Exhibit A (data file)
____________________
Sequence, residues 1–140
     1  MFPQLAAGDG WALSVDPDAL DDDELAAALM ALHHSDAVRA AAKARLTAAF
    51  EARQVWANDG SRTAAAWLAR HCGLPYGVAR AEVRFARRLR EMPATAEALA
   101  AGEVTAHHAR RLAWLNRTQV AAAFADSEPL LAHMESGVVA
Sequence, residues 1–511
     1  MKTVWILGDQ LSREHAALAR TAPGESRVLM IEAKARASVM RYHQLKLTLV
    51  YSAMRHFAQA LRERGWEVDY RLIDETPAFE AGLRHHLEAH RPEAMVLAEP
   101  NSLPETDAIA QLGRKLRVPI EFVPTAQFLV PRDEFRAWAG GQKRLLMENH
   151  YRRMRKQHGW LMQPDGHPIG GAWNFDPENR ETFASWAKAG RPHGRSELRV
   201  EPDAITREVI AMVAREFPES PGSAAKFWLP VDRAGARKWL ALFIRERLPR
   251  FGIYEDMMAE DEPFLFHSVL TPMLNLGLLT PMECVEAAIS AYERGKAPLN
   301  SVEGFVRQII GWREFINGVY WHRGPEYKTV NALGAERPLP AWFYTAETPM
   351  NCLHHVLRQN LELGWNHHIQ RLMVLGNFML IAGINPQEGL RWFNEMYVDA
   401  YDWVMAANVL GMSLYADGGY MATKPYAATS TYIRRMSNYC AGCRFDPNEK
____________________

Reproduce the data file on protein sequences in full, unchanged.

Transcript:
Sequence, residues 1–140
     1  MFPQLAAGDG WALSVDPDAL DDDELAAALM ALHHSDAVRA AAKARLTAAF
    51  EARQVWANDG SRTAAAWLAR HCGLPYGVAR AEVRFARRLR EMPATAEALA
   101  AGEVTAHHAR RLAWLNRTQV AAAFADSEPL LAHMESGVVA
Sequence, residues 1–511
     1  MKTVWILGDQ LSREHAALAR TAPGESRVLM IEAKARASVM RYHQLKLTLV
    51  YSAMRHFAQA LRERGWEVDY RLIDETPAFE AGLRHHLEAH RPEAMVLAEP
   101  NSLPETDAIA QLGRKLRVPI EFVPTAQFLV PRDEFRAWAG GQKRLLMENH
   151  YRRMRKQHGW LMQPDGHPIG GAWNFDPENR ETFASWAKAG RPHGRSELRV
   201  EPDAITREVI AMVAREFPES PGSAAKFWLP VDRAGARKWL ALFIRERLPR
   251  FGIYEDMMAE DEPFLFHSVL TPMLNLGLLT PMECVEAAIS AYERGKAPLN
   301  SVEGFVRQII GWREFINGVY WHRGPEYKTV NALGAERPLP AWFYTAETPM
   351  NCLHHVLRQN LELGWNHHIQ RLMVLGNFML IAGINPQEGL RWFNEMYVDA
   401  YDWVMAANVL GMSLYADGGY MATKPYAATS TYIRRMSNYC AGCRFDPNEK